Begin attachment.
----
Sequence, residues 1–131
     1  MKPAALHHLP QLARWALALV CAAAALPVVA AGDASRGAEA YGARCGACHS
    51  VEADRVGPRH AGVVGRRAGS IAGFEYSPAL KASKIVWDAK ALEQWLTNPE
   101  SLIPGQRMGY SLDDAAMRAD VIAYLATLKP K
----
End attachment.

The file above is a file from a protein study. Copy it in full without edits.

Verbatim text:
Sequence, residues 1–131
     1  MKPAALHHLP QLARWALALV CAAAALPVVA AGDASRGAEA YGARCGACHS
    51  VEADRVGPRH AGVVGRRAGS IAGFEYSPAL KASKIVWDAK ALEQWLTNPE
   101  SLIPGQRMGY SLDDAAMRAD VIAYLATLKP K